Sunday, March 7, 2010

Geomagnetic storm

A geomagnetic storm is a temporary disturbance of the Earth's magnetosphere caused by a disturbance in space weather. Associated with solar coronal mass ejections (CME), coronal holes, or solar flares, a geomagnetic storm is caused by a solar wind shock wave which typically strikes the Earth's magnetic field 24 to 36 hours after the event. This only happens if the shock wave travels in a direction toward Earth. The solar wind pressure on the magnetosphere will increase or decrease depending on the Sun's activity. These solar wind pressure changes modify the electric currents in the ionosphere. Magnetic storms usually last 24 to 48 hours, but some may last for many days. In 1989, an electromagnetic storm disrupted power throughout most of Quebec—it caused auroras as far south as Texas.

Radiation hazards to humans
Intense solar flares release very-high-energy particles that can cause radiation poisoning to humans (and mammals in general) in the same way as low-energy radiation from nuclear blasts.
Earth's atmosphere and magnetosphere allow adequate protection at ground level, but astronauts in space are subject to potentially lethal doses of radiation. The penetration of high-energy particles into living cells can cause chromosome damage, cancer, and a host of other health problems. Large doses can be fatal immediately.
Solar protons with energies greater than 30 MeV are particularly hazardous. In October 1989, the Sun produced enough energetic particles that an astronaut wearing only a space suit and caught out in the brunt of the storm, would probably have died; the expected dose would be about 7000 rem. Note that Astronauts who had time to gain safety in a shelter beneath moon soil would have absorbed only slight amounts of radiation.
The cosmonauts on the Mir station were subjected to daily doses of about twice the yearly dose on the ground, and during the solar storm at the end of 1989 they absorbed their full-year radiation dose limit in just a few hours.
Solar proton events can also produce elevated radiation aboard aircraft flying at high altitudes. Although these risks are small, monitoring of solar proton events by satellite instrumentation allows the occasional exposure to be monitored and evaluated, and eventually the flight paths and altitudes adjusted in order to lower the absorbed dose of the flight crews.

Disrupted systems - Communications
Many communication systems use the ionosphere to reflect radio signals over long distances. Ionospheric storms can affect radio communication at all latitudes. Some radio frequencies are absorbed and others are reflected, leading to rapidly fluctuating signals and unexpected propagation paths. TV and commercial radio stations are little affected by solar activity, but ground-to-air, ship-to-shore, shortwave broadcast, and amateur radio (mostly the bands below 30 MHz) are frequently disrupted. Radio operators using HF bands rely upon solar and geomagnetic alerts to keep their communication circuits up and running.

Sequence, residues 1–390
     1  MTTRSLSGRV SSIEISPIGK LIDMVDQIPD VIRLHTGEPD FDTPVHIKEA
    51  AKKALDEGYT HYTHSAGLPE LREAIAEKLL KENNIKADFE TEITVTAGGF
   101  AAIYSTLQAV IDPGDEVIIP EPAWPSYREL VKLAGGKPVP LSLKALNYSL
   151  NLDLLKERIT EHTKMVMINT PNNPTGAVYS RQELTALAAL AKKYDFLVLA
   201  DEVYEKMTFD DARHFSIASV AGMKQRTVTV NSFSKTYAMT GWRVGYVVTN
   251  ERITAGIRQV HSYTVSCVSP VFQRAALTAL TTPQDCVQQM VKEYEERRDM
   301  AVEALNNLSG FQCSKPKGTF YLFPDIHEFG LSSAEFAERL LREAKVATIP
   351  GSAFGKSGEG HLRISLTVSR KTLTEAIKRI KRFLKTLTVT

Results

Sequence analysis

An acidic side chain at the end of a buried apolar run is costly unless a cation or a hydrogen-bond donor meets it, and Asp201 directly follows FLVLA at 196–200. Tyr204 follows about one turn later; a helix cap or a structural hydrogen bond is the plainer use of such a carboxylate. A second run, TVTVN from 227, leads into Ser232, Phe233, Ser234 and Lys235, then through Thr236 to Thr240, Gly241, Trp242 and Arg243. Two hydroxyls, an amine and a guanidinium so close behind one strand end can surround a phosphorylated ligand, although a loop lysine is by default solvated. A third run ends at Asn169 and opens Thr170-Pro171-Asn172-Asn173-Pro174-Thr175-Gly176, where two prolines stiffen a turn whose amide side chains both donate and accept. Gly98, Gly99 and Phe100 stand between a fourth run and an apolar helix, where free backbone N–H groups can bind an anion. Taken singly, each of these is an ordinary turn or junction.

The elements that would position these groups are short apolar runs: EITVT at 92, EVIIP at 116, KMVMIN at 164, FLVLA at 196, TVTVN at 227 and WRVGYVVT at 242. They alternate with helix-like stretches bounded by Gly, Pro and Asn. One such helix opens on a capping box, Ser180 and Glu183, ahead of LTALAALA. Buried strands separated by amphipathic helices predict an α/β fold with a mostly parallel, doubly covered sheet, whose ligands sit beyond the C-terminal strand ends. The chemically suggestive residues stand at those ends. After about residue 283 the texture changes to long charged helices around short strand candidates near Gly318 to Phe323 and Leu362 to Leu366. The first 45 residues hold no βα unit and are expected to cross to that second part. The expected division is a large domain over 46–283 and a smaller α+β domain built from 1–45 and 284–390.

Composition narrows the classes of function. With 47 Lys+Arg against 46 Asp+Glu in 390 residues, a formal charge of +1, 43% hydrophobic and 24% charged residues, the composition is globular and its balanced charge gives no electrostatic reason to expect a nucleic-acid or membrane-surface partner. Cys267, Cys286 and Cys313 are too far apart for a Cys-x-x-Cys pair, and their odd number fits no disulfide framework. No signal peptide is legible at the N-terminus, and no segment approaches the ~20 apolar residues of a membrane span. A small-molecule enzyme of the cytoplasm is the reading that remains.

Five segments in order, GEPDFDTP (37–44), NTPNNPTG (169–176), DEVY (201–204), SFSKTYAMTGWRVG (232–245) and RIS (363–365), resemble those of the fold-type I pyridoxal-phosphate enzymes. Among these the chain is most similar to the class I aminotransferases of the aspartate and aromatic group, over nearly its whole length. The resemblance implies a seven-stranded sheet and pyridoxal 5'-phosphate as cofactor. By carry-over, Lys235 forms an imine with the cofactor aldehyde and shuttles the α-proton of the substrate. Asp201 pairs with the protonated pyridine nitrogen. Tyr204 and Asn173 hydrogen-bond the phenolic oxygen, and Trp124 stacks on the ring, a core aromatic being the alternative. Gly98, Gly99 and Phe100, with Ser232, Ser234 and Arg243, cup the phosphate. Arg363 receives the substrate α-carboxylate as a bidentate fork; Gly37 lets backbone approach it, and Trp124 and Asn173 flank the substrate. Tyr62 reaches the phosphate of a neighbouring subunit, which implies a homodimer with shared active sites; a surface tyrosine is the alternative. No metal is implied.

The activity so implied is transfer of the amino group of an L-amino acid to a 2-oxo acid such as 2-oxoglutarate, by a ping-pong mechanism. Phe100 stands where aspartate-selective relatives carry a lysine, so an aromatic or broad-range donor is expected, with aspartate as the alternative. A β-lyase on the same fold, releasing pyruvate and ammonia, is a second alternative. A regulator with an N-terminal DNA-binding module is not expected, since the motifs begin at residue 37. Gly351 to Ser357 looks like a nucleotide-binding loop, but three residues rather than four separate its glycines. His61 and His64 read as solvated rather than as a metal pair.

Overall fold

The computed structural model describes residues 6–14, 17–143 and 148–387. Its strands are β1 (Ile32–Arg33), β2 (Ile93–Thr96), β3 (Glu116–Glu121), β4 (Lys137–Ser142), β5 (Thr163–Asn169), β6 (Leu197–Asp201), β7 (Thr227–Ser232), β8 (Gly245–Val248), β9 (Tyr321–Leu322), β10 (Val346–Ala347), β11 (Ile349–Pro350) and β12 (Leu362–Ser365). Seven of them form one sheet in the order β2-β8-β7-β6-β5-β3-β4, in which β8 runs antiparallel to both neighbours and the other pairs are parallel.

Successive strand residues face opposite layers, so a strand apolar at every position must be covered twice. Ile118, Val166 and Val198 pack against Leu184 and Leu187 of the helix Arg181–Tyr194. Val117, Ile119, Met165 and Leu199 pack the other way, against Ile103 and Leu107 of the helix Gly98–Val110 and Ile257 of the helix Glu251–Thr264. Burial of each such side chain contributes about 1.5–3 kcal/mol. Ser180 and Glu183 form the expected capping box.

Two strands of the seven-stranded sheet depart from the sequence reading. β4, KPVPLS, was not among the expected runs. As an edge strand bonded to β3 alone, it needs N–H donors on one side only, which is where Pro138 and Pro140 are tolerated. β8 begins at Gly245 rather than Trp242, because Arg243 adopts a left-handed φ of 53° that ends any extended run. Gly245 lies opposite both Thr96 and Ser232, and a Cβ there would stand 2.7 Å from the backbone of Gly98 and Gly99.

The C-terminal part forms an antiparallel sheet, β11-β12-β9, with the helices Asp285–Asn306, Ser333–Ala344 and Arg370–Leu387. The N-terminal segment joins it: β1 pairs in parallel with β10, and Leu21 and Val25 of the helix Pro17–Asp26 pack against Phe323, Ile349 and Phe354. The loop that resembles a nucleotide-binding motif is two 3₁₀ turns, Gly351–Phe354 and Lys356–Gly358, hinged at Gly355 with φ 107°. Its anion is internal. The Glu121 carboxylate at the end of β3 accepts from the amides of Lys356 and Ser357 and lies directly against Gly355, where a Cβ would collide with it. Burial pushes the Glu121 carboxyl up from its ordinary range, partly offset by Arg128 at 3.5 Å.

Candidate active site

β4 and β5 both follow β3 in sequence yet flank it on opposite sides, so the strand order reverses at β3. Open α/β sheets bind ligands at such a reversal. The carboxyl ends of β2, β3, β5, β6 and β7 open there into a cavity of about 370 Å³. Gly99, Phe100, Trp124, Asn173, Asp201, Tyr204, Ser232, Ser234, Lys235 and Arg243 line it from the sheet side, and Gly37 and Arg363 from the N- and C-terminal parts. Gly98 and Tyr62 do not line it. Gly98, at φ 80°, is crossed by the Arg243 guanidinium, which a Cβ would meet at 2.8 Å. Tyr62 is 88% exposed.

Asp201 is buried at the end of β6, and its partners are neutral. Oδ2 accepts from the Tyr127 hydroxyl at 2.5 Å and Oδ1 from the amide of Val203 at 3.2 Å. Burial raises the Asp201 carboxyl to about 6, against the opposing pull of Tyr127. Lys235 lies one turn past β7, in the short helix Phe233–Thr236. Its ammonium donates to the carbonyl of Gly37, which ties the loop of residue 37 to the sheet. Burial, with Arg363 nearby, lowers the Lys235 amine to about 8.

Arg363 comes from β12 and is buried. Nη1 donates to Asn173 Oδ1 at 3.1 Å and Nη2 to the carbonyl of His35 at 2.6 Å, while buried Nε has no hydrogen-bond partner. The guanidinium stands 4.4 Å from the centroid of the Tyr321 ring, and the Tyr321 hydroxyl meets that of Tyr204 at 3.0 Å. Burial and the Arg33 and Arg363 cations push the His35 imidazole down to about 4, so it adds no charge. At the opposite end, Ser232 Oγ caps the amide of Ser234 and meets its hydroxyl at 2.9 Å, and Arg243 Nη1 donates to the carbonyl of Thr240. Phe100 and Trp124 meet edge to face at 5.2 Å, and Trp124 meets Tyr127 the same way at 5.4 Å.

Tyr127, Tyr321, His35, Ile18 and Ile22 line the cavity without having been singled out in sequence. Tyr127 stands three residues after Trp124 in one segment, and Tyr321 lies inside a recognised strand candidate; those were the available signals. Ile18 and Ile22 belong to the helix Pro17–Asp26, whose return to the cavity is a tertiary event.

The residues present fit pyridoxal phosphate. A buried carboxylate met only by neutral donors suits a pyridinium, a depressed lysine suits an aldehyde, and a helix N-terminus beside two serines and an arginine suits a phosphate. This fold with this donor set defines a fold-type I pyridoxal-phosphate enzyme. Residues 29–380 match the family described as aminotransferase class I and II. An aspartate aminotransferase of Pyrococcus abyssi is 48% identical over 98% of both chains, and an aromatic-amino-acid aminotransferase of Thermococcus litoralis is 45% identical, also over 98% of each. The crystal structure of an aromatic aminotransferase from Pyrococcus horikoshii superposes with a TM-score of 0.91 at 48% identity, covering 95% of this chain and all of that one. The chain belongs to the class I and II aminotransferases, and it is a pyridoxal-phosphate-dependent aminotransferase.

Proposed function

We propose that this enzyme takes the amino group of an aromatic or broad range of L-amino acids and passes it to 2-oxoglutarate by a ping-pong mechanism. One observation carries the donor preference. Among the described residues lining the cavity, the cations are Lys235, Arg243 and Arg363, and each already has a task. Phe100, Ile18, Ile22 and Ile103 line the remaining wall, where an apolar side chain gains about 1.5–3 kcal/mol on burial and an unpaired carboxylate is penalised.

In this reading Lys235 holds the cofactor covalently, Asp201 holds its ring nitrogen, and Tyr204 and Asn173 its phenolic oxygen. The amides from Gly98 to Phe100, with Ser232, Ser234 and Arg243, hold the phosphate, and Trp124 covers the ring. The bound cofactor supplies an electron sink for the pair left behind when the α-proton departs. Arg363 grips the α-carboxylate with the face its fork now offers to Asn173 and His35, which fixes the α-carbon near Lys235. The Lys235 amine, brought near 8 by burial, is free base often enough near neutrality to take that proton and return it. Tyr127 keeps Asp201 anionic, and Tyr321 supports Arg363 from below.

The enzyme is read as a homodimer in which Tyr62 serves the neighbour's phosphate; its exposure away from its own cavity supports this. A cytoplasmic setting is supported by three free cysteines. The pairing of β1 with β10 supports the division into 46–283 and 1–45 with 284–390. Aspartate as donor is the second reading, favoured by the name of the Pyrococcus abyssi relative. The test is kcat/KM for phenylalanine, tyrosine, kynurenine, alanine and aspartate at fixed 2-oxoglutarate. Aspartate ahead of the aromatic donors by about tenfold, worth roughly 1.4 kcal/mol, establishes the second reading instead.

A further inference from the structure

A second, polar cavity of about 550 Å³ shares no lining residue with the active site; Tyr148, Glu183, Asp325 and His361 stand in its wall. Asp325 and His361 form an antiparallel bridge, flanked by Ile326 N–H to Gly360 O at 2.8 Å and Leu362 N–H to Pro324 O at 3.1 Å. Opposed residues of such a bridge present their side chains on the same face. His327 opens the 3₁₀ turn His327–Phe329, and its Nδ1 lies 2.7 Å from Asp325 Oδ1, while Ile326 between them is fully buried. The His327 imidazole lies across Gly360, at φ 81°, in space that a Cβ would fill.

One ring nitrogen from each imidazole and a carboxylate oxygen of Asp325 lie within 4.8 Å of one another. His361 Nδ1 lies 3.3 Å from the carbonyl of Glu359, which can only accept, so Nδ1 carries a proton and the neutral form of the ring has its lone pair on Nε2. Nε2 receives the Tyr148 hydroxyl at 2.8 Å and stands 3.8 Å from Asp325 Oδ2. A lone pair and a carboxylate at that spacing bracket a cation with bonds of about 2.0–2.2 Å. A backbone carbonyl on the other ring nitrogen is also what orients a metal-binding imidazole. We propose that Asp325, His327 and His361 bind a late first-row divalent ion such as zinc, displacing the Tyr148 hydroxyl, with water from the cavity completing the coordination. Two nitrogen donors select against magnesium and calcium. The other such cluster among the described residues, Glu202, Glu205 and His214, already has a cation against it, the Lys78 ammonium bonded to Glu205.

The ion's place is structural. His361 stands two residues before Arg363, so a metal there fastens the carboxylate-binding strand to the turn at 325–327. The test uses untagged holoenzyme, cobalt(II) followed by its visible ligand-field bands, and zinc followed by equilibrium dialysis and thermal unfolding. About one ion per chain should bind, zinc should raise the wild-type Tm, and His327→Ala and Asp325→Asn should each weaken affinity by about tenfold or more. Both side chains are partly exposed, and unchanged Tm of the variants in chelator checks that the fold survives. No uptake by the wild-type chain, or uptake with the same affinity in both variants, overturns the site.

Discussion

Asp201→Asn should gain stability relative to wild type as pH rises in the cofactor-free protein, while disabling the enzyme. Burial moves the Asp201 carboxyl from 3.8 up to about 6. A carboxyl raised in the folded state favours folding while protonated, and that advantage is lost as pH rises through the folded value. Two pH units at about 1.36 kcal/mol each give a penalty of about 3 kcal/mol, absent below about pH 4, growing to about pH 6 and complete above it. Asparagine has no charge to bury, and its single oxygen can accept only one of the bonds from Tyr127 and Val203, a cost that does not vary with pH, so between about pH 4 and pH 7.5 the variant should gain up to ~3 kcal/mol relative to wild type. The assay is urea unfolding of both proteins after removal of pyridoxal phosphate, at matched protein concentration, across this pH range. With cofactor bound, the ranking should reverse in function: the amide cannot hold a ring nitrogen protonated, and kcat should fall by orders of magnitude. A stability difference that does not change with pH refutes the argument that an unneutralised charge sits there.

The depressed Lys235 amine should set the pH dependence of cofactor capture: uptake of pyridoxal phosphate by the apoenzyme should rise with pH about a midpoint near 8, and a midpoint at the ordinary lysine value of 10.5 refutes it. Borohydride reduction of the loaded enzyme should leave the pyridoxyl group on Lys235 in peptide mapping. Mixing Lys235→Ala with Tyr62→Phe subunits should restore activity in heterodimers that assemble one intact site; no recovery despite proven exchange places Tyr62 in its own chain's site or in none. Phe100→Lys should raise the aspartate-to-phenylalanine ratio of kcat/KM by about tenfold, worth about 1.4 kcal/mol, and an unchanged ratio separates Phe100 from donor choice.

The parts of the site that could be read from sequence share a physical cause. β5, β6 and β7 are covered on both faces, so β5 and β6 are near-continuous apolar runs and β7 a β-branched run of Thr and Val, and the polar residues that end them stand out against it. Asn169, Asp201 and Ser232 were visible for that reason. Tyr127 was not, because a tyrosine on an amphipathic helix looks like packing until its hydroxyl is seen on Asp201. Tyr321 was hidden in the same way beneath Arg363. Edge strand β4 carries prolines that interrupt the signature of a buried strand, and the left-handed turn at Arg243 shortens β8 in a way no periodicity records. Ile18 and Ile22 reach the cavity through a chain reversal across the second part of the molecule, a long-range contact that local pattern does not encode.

Some military detection or early warning systems are also affected by solar activity. The over-the-horizon radar bounces signals off the ionosphere to monitor the launch of aircraft and missiles from long distances. During geomagnetic storms, this system can be severely hampered by radio clutter. Some submarine detection systems use the magnetic signatures of submarines as one input to their locating schemes. Geomagnetic storms can mask and distort these signals.
The Federal Aviation Administration routinely receives alerts of solar radio bursts so that they can recognize communication problems and forego unnecessary maintenance. When an aircraft and a ground station are aligned with the Sun, jamming of air-control radio frequencies can occur. This can also happen when an Earth station, a satellite, and the Sun are in alignment.
The telegraph lines in the past were affected by geomagnetic storms as well. The telegraphs used a long wire for the data line, stretching for many miles, using ground as the return wire and being fed with DC power from a battery; this made them (together with the power lines mentioned below) susceptible to being influenced by the fluctuations caused by the ring current. The voltage/current induced by the geomagnetic storm could have led to diminishing of the signal, when subtracted from the battery polarity, or to overly strong and spurious signals when added to it; some operators in such cases even learned to disconnect the battery and rely on the induced current as their power source. In extreme cases the induced current was so high the coils at the receiving side burst in flames, or the operators received electric shocks. Geomagnetic storms affect also long-haul telephone lines, including undersea cables unless they are fiber optic.
Damage to communications satellites can disrupt non-terrestrial telephone, television, radio, and Internet links.

Disrupted systems - Geologic exploration
Earth's magnetic field is used by geologists to determine subterranean rock structures. For the most part, these geodetic surveyors are searching for oil, gas, or mineral deposits. They can accomplish this only when Earth's field is quiet, so that true magnetic signatures can be detected. Other surveyors prefer to work during geomagnetic storms, when the variations to Earth's normal subsurface electric currents help them to see subsurface oil or mineral structures. For these reasons, many surveyors use geomagnetic alerts and predictions to schedule their mapping activities.
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